Oregon officials: Omicron could overwhelm state hospitals; response to focus on boosters, testing
A key COVID-19 forecaster is warning that an omicron surge could peak with twice the number of Oregonians hospitalized as during the recent delta surge. Public health officials say getting booster shots to more older adults and other high-risk individuals in the next three weeks is critical to averting disaster — and offered the first details of a stepped up effort to distribute the shots.
In August, OHSU data scientist Peter Graven predicted — accurately — that the state was going to be hammered by the delta variant of COVID-19, and would come perilously close to running out of staffed hospital beds. That wave peaked in early September with 1,178 COVID-19 patients in Oregon hospitals. Hospitals in Oregon are still understaffed and struggling to recover from it.
Graven’s latest forecast indicates that an omicron surge could peak with between two and three times the number of COVID-19 patients hospitalized as during the delta surge, according to public health officials who briefed OPB in advance of a noon press conference with the governor.
Watch that briefing live here:
Sobered by those numbers, the Oregon Health Authority is rolling out a five-point plan with the goal of getting booster doses to one million more Oregonians by the end of January and blunt the impact of omicron. The effort to more than double the number of Oregonians with booster shots is part of plans Oregon Gov. Kate Brown announced Friday.
Public health officials say getting booster shots to more older adults and other high-risk individuals in the next three weeks will be critical to averting disaster. They offered the first details of a stepped-up effort to distribute the shots. The state also committed to, before mid-January, providing hospitals with clearer guidance for triaging patients in a crisis “to equitably prioritize care if doctors and nurses are forced to make heart-breaking decisions in the face of limited intensive care beds, ventilators and other life-saving resources,” according to prepared remarks from health officials.
Sidelinger notes that the course of the pandemic remains highly uncertain, and the forecast is just one prediction of a possible outcome. Getting booster shots to more older adults, the potential availability of a new treatment, and changes in people’s behavior like increased mask wearing could all help blunt the number of hospitalizations triggered by a new wave of infections.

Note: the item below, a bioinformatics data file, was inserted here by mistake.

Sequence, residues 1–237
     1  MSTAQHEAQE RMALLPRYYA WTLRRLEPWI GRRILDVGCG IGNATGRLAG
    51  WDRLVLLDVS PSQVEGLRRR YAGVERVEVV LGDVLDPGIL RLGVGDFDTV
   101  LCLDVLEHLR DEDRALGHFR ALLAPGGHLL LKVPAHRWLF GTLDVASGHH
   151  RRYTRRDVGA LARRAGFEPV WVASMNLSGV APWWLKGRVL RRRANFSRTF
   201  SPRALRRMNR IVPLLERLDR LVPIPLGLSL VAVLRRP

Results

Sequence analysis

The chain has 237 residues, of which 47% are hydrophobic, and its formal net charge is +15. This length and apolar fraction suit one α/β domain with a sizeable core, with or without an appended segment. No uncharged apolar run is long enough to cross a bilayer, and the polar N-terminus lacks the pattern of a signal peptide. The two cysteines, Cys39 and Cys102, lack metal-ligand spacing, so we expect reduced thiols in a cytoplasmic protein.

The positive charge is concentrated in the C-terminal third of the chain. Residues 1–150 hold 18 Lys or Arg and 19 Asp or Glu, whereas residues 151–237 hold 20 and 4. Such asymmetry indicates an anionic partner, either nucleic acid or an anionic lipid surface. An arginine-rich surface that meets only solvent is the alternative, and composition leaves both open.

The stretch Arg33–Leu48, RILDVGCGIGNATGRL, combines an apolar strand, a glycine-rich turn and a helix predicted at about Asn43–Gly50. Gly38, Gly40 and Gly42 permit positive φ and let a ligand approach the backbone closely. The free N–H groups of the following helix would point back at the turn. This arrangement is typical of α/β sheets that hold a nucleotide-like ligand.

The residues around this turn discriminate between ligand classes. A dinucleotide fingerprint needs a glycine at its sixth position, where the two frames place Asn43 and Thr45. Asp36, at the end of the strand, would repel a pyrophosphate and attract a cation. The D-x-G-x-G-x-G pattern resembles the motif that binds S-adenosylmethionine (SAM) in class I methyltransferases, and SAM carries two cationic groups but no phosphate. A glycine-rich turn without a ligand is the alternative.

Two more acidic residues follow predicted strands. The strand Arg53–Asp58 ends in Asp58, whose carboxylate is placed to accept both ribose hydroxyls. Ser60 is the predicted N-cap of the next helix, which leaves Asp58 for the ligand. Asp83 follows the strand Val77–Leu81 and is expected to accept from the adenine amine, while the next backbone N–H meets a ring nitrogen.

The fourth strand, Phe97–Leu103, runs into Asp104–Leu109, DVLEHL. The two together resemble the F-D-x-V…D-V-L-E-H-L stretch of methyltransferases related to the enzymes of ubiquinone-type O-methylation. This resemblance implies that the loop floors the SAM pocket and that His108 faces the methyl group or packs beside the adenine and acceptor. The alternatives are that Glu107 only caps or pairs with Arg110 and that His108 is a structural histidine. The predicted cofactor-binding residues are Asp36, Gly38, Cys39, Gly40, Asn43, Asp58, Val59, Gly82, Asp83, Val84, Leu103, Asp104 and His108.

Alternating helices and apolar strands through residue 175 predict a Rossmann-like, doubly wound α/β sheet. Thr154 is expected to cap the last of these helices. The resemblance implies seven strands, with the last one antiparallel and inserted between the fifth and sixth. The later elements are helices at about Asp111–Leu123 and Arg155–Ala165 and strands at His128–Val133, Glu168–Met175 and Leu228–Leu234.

And omicron is likely less virulent than previous variants — a lucky break, but not by itself enough to protect the state against a wave of hospitalizations given the variant’s extreme transmissibility and immune escape, Sidelinger says.
Seventy-four percent of Oregonians have completed their initial two doses of vaccination, ranking Oregon 12th in the nation. Approximately 26% of Oregonians have received a booster or third dose. Among people age 65 and older, who are at higher risk for severe COVID-19 infection, 51% have received a booster or third dose, according to OHA.
Below is a summary of the Oregon Health Authority’s plan, provided by the agency:
1. Oregon will urge one million Oregonians to get boosters by the end of January:
To reach our 1 million booster goal, we will:
2. Oregon will focus boosters on people who are most vulnerable to becoming hospitalized if they catch the Omicron variant:
For under-vaccinated communities, we will:
3. Rapidly deliver new COVID-19 treatments and expand needed testing. New and coming monoclonal therapies and antiviral drugs offer the promise of protection against hospitalization. For some drugs, they are effective within a narrow window of time after infection. OHA is:
4. Support health care workers and hospitals in the face of the coming omicron surge.
5. Connect more people to boosters, treatments and testing.
This is a developing story. Watch for updates.
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